Turning now to FIGS. 12 and 13, a third principal embodiment of the invention is illustrated, wherein the upper peripheral side wall portion 100 is reconfigured to include an upwardly and outwardly tapered portion 102 which is joined to a radially inwardly tapered portion 104. Surface 102 joins to the upright annular rim 106, also provided with external screw threads as previously described. Here again, the tapered surface 102 of the upper peripheral side wall portion 100 provides a good gripping surface for the user to facilitate collapse and extension of the container between the extended position illustrated in FIG. 12 and the collapsed position illustrated in FIG. 13. As in the case of the two previously described embodiments, the configuration of the upper peripheral side wall portion 100 leaves more than enough axial and radial space to accommodate the lower peripheral side wall portion 108 and the intermediate peripheral side wall portion 110 in the collapsed position. Otherwise, the intermediate and lower side wall portions 110, 108, respectively, are substantially identical to the previously described embodiments.
The above described configurations for the upper side wall portions of the container are intended to be exemplary and the invention is not intended to be limited thereto.
The above described containers may be utilized for a variety of purposes. For example, a container may be shipped empty from a manufacturer for filling with foodstuffs or other material at another location. The container may also be sold to consumers empty as a storage container for foodstuffs and/or other materials. In the latter instance, the container is particularly advantageous in that it may be collapsed and efficiently stored during shipping and between use.
While the invention has been described in connection with what is presently considered to be the most practical and preferred embodiment, it is to be understood that the invention is not to be limited to the disclosed embodiment, but on the contrary, is intended to cover various modifications and equivalent arrangements included within the spirit and scope of the appended claims.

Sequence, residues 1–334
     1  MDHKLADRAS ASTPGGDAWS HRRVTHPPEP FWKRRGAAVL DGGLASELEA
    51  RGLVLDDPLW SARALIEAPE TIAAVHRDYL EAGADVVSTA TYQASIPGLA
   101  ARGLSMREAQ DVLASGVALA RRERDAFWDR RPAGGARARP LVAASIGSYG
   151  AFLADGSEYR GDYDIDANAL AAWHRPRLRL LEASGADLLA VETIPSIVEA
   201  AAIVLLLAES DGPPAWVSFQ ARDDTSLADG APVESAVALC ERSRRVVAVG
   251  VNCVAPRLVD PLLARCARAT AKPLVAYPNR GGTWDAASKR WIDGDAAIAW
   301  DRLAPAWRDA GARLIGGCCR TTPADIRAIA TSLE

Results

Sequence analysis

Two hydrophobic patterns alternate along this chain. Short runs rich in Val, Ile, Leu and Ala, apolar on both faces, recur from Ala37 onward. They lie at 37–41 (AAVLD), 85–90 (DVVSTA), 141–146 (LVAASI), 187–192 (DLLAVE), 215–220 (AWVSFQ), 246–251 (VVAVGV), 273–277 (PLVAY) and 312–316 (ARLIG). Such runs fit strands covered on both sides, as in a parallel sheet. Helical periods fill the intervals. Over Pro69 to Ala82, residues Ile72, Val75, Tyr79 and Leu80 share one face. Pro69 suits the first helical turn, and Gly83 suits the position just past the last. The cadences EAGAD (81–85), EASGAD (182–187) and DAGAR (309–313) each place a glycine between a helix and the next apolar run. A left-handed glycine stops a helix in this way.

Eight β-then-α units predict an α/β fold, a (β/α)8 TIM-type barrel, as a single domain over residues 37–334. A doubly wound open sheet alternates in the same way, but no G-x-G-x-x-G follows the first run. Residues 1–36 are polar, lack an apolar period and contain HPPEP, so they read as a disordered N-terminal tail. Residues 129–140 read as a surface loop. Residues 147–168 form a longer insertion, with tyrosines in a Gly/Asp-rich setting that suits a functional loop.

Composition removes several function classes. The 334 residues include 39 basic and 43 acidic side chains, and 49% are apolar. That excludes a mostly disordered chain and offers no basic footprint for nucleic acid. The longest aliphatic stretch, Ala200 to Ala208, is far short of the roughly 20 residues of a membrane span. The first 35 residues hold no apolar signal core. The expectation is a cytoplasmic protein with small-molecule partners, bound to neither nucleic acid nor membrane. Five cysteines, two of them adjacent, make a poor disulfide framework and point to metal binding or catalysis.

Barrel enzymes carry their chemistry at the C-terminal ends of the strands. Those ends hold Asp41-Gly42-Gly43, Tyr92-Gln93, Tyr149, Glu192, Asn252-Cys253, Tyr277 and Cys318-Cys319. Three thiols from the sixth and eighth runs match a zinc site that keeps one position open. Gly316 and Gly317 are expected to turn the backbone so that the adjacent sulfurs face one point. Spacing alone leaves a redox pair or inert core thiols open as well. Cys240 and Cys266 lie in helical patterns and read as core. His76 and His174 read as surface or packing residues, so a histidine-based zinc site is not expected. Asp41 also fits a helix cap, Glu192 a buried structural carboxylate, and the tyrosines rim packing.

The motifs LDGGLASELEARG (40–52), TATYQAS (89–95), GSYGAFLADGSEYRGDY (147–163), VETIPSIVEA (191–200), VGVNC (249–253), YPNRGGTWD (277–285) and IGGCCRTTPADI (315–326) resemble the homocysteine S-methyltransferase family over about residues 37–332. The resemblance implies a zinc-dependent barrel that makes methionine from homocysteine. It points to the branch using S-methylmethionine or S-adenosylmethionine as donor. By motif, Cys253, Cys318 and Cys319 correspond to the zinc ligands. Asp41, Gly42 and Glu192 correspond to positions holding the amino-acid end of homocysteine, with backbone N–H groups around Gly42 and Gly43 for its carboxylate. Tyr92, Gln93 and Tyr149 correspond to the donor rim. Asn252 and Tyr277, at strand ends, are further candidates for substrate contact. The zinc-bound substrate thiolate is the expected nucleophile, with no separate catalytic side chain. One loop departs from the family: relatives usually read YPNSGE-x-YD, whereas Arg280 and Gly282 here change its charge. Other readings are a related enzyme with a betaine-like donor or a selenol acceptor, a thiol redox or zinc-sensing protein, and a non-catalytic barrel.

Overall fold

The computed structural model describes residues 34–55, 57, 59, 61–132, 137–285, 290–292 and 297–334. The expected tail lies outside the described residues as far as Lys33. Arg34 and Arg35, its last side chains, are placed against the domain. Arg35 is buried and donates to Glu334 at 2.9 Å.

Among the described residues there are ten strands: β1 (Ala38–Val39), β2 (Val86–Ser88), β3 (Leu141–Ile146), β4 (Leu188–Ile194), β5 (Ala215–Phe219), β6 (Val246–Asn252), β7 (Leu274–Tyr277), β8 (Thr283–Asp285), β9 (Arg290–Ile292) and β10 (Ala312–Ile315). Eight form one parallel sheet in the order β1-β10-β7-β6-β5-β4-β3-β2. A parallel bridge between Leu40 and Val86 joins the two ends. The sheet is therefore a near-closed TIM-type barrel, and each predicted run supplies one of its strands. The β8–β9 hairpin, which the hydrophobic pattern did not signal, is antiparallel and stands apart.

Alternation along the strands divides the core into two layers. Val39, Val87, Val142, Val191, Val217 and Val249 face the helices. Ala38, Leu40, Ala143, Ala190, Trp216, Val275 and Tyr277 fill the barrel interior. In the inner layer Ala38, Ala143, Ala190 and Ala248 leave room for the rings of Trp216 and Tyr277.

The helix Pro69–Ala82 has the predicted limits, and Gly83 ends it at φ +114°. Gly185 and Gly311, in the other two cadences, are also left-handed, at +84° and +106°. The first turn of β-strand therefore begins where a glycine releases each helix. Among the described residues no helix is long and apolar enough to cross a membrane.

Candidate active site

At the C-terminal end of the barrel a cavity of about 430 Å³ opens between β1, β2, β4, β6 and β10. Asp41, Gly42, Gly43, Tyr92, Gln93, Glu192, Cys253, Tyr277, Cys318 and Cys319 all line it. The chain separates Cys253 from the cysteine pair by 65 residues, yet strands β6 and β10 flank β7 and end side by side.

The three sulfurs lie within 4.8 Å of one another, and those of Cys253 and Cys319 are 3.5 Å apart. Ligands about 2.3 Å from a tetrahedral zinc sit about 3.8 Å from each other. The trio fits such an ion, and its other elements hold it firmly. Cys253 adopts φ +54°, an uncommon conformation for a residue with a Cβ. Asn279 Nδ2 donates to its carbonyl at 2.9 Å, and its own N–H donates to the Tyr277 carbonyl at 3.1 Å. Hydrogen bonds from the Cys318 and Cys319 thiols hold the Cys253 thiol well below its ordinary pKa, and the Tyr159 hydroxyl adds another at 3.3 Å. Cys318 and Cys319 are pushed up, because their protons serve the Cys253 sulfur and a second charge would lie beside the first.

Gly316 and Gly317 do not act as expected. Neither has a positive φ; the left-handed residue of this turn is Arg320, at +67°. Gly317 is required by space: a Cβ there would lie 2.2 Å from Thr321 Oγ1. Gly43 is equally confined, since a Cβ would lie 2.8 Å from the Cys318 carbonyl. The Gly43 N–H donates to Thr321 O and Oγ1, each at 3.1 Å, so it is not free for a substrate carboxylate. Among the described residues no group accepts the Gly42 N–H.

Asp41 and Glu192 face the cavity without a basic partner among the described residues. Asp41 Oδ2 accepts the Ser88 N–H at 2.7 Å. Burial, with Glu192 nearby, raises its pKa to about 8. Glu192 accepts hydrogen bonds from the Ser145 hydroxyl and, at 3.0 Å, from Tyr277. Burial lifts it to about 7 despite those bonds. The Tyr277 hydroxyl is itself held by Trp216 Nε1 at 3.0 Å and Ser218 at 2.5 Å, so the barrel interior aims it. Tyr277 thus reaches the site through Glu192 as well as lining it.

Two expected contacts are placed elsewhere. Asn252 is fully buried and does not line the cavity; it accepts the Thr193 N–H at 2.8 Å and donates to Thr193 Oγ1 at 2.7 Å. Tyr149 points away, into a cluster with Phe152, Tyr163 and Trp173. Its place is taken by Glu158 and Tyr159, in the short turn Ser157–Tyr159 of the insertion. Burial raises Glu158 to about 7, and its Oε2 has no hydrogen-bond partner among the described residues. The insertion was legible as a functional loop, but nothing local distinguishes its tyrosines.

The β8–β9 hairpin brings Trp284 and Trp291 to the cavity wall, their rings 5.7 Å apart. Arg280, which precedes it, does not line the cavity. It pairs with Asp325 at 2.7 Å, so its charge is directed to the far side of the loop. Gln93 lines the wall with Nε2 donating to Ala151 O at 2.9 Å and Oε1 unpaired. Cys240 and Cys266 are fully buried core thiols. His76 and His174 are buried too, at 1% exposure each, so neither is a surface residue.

|Cited Patent||Filing date||Publication date||Applicant||Title|
|US1048935 *||Sep 25, 1912||Dec 31, 1912||John F Brady||Drinking-cup.|
|US2784882 *||Apr 12, 1956||Mar 12, 1957||Plax Corp||Pleated dispenser|
|US2880902 *||Jun 3, 1957||Apr 7, 1959||Peter Owsen||Collapsible article|
|US2899110 *||Mar 12, 1957||Aug 11, 1959||Parker|
|US2985915 *||Dec 12, 1958||May 30, 1961||Hedwin Corp||Thermoforming process for thermoplastic sheeting|
|US3143429 *||Oct 9, 1961||Aug 4, 1964||Pillsbury Co||Collapsible disposable container and nursing unit|
|US3156383 *||Aug 6, 1962||Nov 10, 1964||Maison Ind Tecnico Chimiche Ne||Expansible single use dispensing container|
|US3220544 *||Apr 26, 1963||Nov 30, 1965||Walter C Lovell||Packaging and novel container employed therewith|
|US3301293 *||Dec 16, 1964||Jan 31, 1967||Owens Illinois Inc||Collapsible container|
|US3467283 *||Jan 18, 1968||Sep 16, 1969||Continental Can Co||Dispensing container with collapsible compartment|
|US3494509 *||Jun 13, 1966||Feb 10, 1970||Mcguire John S||Variable volume reservoir|
|US3608268 *||Jun 3, 1968||Sep 28, 1971||Schmith Niels Bay||Method for producing thin-walled,collapsible containers or packages|
|US3707241 *||Apr 21, 1970||Dec 26, 1972||Sanford Res Co||Plasitc container with threaded mouth strengthening closure means|
|US3864771 *||Aug 21, 1972||Feb 11, 1975||Textron Inc||Deployable load buoyancy support container or shelter system|
|US3875941 *||Apr 3, 1974||Apr 8, 1975||Medical Dynamics Inc||System for evacuating fluids from the body|
|US3939888 *||Sep 19, 1974||Feb 24, 1976||Scarnato Thomas J||Hermetically sealable collapsible container|
|US4087024 *||Feb 27, 1976||May 2, 1978||Graber-Rogg, Inc.||Fluid dispenser|
|US4428507 *||Jun 21, 1982||Jan 31, 1984||Sneider Vincent R||Collapsible container with accordion pleated sidewalls, air vent and swivel valve outlet|
|US4456134 *||Jan 22, 1982||Jun 26, 1984||Leonard Cooper||Apparatus for containment of carbonated beverages|
|US4492313 *||May 29, 1984||Jan 8, 1985||William Touzani||Collapsible bottle|